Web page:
Tom Angotti is Professor of Urban Affairs and Planning at Hunter College and the Graduate Center, City University of New York, and Director of the Hunter College Center for Community Planning & Development (CCPD). His recent book, New York For Sale: Community Planning Confronts Global Real Estate (MIT Press, 2008) won the Paul Davidoff Award in 2009 and International Planning History Society Book Prize in 2010. New Village Press recently published Service-Learning in Design and Planning: At the Boundaries, which he co-edited with Cheryl Doble and Paula Horrigan. The New Century of the Metropolis: Enclave Development and Urban Orientalism was published by Routledge in 2012. His other books include Metropolis 2000: Planning Poverty and Politics, Housing in Italy and a book of short stories, Accidental Warriors. Through the CCPD and in collaboration with others, Tom has completed studies on New York City’s PlaNYC2030, Wal-Mart, NYU’s expansion plan, Fresh Direct, and Atlantic Yards. He has collaborated on many community-based plans and written about community land trusts. He is founder and co-editor of Progressive Planning Magazine, and Participating Editor for the journals Latin American Perspectives and Local Environment. He is a Fellow at the American Academy in Rome and served as Fulbright Specialist in India, Italy and Vietnam. Tom previously served as a senior planner with the City of New York and Commonwealth of Massachusetts, and was a Peace Corps Volunteer in Peru. 


Peggy Deamer is the Assistant Dean and Professor at Yale School of Architecture. Deamer is a principal in the firm of Deamer Architects. Projects by her and her former firm, Deamer + Phillips, have been featured in various publications including Architecture, Architectural Record, Vogue, and the New York Times. Articles by Ms. Deamer have appeared in Assemblage, Praxis, Perspecta, Harvard Design Magazine, and other journals and anthologies.. Her seminar and advanced studio of 2000–2001 were the subjects of The Millennium House, published by Monacelli Press in 2004. She was the co-editor of Re-Reading Perspecta and the forthcoming Building (in) the Future: Recasting Labor in Architecture. Her theory work analyzes the relationship among architectural labor, craft, and subjectivity.


Cindi Katz  is Professor of Geography in Environmental Psychology and Women’s Studies at the Graduate Center of the City University of New York. Her work concerns social reproduction and the production of space, place and nature; children and the environment, and the consequences of global economic restructuring for everyday life. She has published widely on these themes as well as on social theory and the politics of knowledge in edited collections and in journals such as Society and Space, Social Text, Signs, Feminist Studies, Annals of the Association of American Geographers, Social Justice, and Antipode. She is the editor (with Janice Monk) of Full Circles: Geographies of Gender over the Life Course (Routledge 1993) and of Life’s Work: Geographies of Social Reproduction (with Sallie Marston and Katharyne Mitchell) (Blackwell 2004). She recently completed Growing up Global: Economic Restructuring and Children’s Everyday Lives with University of Minnesota Press in 2004. Katz held a fellowship at the Radcliffe Institute for Advanced Study at Harvard University, and she continues to work on the project she began there concerning the shifting geographies of late twentieth century US childhood.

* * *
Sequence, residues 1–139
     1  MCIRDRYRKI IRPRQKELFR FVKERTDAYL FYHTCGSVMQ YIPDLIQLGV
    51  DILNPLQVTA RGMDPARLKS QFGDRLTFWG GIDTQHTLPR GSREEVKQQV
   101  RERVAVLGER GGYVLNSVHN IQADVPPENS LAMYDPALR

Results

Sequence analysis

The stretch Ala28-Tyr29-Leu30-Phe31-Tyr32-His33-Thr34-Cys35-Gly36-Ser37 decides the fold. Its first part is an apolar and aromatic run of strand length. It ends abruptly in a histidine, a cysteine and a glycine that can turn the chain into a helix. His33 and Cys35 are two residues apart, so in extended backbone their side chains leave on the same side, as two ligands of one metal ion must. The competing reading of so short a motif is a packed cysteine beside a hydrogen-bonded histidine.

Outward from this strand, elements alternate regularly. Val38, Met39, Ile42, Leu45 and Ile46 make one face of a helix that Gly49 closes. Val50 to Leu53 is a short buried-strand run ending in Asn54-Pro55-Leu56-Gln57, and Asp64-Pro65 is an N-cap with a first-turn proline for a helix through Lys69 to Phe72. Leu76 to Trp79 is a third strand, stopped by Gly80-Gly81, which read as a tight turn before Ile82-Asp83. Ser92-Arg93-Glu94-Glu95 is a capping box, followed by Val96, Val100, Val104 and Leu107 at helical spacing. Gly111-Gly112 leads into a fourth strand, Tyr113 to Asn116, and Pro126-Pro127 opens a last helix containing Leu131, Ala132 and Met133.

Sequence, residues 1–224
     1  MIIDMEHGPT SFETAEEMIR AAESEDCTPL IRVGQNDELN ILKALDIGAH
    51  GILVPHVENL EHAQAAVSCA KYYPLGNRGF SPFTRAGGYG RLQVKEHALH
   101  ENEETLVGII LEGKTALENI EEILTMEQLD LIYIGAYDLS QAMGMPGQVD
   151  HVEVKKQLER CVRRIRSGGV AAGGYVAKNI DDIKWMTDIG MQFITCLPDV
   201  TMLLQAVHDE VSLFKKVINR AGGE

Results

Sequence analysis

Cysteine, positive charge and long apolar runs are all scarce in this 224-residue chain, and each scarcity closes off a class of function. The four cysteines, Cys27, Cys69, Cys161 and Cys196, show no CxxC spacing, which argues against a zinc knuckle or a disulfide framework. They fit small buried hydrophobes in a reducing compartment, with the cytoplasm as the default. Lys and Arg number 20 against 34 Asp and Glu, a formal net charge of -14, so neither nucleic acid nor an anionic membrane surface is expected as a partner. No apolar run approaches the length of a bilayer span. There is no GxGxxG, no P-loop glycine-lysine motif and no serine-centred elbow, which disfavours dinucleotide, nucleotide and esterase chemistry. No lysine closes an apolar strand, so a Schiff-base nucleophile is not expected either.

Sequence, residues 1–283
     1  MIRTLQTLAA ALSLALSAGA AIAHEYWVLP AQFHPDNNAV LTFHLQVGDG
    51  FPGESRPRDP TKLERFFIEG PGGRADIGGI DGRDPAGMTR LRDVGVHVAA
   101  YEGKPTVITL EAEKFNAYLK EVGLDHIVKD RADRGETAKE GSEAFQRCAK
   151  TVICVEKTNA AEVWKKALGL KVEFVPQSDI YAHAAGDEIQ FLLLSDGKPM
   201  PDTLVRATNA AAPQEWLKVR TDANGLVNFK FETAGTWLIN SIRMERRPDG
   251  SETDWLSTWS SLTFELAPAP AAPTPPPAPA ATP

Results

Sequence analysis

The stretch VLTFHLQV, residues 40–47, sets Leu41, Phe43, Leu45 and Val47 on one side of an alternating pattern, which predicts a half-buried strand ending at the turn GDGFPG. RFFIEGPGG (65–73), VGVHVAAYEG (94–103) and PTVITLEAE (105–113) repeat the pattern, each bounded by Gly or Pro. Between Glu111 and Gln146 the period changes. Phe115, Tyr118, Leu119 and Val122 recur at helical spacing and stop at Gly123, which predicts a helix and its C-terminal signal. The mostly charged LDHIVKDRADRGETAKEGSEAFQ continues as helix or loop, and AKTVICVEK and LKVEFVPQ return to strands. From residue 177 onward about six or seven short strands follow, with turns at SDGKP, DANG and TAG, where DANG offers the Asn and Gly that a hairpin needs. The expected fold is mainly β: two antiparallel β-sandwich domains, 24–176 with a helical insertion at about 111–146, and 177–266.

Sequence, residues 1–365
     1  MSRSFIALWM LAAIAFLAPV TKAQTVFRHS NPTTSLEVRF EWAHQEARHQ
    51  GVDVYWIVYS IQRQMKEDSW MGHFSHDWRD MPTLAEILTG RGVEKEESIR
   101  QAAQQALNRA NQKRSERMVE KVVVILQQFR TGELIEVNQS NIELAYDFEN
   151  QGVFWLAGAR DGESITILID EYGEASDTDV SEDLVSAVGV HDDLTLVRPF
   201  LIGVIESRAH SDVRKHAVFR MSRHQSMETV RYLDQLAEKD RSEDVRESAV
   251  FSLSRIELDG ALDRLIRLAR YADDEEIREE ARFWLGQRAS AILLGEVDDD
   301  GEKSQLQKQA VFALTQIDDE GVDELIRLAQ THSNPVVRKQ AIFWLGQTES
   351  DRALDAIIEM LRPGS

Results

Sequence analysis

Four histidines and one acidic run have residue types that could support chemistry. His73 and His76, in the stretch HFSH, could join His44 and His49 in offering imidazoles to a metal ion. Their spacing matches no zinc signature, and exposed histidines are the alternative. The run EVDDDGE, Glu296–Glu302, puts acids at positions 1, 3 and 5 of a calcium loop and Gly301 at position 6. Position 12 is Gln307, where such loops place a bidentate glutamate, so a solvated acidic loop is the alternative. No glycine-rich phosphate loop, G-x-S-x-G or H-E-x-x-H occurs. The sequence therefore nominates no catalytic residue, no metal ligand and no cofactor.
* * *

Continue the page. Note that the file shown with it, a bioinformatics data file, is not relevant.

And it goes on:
Quilian Riano is the founder and principal of DSGN AGNC, a collaborative design/research studio exploring political engagement through architecture, urbanism, art & activism. DSGN AGNC’s work has been featured at the Venice Biennale, Harvard University, Cornell University, New York’s Center for Architecture, The Van Alen Institute, Parsons The Newschool for Design, The Queens Museum of Art, The Austrian Cultural Forum, Boston Society of Architects, etc. Quilian holds a Masters of Architecture from Harvard University’s Graduate School of Design and currently teaches design studio at Parsons, The New School for Design and Pratt Institute of Technology. In practice and academia, Quilian works with community groups and trans-disciplinary teams to create comprehensive research that can be used to propose a variety of targeted policies, actions and designs at various scales — from pamphlets to architectures to landscapes.